Wednesday, March 6, 2013
High-fructose corn syrup (HFCS)
High-fructose corn syrup (HFCS) also called glucose/fructose syrup comprises any of a group of corn syrups that has undergone enzymatic processing to convert some of its glucose into fructose to produce a desired sweetness.
In the United States, consumer foods and products typically use HFCS as a sweetener. It has become very common in processed foods and beverages in the U.S., including breads, cereals, crackers, salad dressings, breakfast bars, lunch meats, yogurts, soups, and condiments.
It also used to sweeten just about all of the regular soda in the US.
HFCS consists of 24% water, and the rest sugars.
Is high-fructose corn syrup bad for you?
HFCS is identical to table sugar (sucrose), which is 50 percent fructose. Metabolic studies suggest our bodies break down and use HFCS and sucrose the same way. However, after HFCS began to be widely introduced into the food supply, obesity rates skyrocketed.
Other health concerns raised about HFCS, which allege contribution to cardiovascular disease, diabetes, and non-alcoholic fatty liver disease. Critics of the extensive use of HFCS in food sweetening argue that the highly processed substance is more harmful to humans than regular sugar, contributing to weight gain by affecting normal appetite functions.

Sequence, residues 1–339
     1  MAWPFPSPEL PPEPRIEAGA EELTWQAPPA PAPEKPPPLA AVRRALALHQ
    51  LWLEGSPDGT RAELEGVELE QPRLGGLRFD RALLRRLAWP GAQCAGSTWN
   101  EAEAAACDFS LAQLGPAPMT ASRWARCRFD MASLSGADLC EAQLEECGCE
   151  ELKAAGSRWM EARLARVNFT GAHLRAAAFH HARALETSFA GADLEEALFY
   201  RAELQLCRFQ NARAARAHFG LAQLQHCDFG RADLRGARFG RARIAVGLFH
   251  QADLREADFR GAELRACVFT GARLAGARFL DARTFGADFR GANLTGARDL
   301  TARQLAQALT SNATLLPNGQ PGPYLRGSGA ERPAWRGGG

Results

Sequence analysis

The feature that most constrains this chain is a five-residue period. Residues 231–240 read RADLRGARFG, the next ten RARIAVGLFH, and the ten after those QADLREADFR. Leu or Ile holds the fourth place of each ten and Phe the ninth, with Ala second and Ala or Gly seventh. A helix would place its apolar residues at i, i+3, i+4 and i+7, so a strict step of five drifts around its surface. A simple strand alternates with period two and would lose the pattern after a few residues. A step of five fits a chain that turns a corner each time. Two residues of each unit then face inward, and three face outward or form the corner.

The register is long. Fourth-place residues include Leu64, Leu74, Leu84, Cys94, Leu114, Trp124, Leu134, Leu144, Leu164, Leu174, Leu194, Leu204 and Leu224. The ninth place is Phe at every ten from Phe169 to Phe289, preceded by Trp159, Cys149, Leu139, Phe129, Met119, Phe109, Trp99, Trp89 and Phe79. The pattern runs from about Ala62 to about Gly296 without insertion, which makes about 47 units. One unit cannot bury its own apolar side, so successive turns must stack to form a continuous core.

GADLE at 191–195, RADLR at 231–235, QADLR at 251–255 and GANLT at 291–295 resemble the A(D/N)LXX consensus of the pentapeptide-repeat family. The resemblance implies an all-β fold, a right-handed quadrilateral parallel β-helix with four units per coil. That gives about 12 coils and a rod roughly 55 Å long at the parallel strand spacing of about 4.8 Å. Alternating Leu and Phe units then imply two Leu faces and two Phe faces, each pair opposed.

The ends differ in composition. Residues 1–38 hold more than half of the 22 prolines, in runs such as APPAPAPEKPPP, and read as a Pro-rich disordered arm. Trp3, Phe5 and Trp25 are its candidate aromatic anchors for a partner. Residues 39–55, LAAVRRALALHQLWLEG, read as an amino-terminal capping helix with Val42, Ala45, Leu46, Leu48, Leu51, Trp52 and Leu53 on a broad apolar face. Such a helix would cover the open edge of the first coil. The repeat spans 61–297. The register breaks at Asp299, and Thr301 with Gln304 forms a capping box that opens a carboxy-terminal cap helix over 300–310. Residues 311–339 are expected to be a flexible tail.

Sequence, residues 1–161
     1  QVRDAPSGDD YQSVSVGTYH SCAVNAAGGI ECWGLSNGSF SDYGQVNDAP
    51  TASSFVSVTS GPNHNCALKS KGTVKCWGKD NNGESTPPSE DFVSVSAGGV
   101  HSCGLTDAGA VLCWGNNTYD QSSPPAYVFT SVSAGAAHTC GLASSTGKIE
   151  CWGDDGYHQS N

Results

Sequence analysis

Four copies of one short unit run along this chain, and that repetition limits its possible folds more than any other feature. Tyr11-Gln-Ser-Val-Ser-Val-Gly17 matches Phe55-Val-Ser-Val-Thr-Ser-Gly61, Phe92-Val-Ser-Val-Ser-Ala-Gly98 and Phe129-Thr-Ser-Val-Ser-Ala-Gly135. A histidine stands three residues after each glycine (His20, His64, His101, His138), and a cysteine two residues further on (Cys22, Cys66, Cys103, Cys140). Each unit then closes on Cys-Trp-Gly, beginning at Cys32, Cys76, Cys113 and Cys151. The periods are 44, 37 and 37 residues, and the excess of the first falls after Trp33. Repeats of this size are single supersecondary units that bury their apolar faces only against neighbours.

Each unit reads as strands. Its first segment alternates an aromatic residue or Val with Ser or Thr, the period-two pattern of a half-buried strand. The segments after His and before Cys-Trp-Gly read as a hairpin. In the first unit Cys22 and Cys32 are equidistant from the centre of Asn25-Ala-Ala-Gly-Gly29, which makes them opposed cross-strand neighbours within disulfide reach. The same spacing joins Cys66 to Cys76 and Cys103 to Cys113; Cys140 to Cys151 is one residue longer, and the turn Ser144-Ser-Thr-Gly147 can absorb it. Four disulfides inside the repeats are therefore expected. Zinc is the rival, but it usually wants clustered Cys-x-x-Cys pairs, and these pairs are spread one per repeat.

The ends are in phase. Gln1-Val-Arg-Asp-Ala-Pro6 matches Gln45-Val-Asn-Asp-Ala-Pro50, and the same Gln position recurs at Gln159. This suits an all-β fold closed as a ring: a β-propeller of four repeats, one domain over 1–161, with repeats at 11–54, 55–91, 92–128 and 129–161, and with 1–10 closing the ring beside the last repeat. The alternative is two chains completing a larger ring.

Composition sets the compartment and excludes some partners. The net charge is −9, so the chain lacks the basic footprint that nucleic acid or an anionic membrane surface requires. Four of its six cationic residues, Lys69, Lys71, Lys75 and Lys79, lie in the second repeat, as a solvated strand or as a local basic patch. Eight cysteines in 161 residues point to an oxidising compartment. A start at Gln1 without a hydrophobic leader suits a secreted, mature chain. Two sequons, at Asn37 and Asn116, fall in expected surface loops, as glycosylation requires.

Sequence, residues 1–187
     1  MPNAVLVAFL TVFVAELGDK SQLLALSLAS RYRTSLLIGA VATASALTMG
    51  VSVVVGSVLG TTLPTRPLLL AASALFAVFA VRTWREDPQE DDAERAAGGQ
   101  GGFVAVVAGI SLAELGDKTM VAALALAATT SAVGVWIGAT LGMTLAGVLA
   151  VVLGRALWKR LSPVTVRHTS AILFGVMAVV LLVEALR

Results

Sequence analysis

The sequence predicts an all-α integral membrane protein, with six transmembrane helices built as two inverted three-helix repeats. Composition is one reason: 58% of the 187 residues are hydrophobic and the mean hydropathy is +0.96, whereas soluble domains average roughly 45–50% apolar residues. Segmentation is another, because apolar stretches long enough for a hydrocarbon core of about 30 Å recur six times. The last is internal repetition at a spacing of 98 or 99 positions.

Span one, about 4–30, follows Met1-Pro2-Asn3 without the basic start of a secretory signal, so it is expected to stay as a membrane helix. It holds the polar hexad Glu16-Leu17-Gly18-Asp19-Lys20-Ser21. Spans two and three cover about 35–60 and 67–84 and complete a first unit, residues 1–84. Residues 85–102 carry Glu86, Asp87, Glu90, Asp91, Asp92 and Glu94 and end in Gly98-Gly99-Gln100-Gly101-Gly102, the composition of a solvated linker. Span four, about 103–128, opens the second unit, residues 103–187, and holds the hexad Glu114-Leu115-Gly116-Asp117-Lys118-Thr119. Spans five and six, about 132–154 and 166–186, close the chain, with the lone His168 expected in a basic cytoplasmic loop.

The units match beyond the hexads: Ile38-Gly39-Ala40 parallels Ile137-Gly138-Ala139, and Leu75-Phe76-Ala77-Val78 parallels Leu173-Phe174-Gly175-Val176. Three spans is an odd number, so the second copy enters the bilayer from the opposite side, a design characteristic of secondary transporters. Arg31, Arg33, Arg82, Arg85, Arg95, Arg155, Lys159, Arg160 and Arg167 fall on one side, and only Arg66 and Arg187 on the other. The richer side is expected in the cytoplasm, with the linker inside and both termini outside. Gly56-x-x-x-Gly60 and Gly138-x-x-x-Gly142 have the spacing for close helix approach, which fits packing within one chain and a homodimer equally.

The use of food grade hydrochloric acid in the processing of corn syrup has given rise to the unconfirmed speculations that HFCS itself is a source of inorganic mercury a known neurotoxin. The food industry does no longer use conventional chemical hydrolysis for the manufacture of HFCSs but instead a multi-step bioprocess with bacterial enzymes is applied.
Barry Popkin, Ph.D., a nutrition professor at the University of North Carolina at Chapel Hill said that "They (HFCS, natural sugars) all have the same caloric effects as sugar". "I don’t care whether something contains concentrated fruit juice, brown sugar, honey or HFCS. The only better sweetener option is ‘none of the above."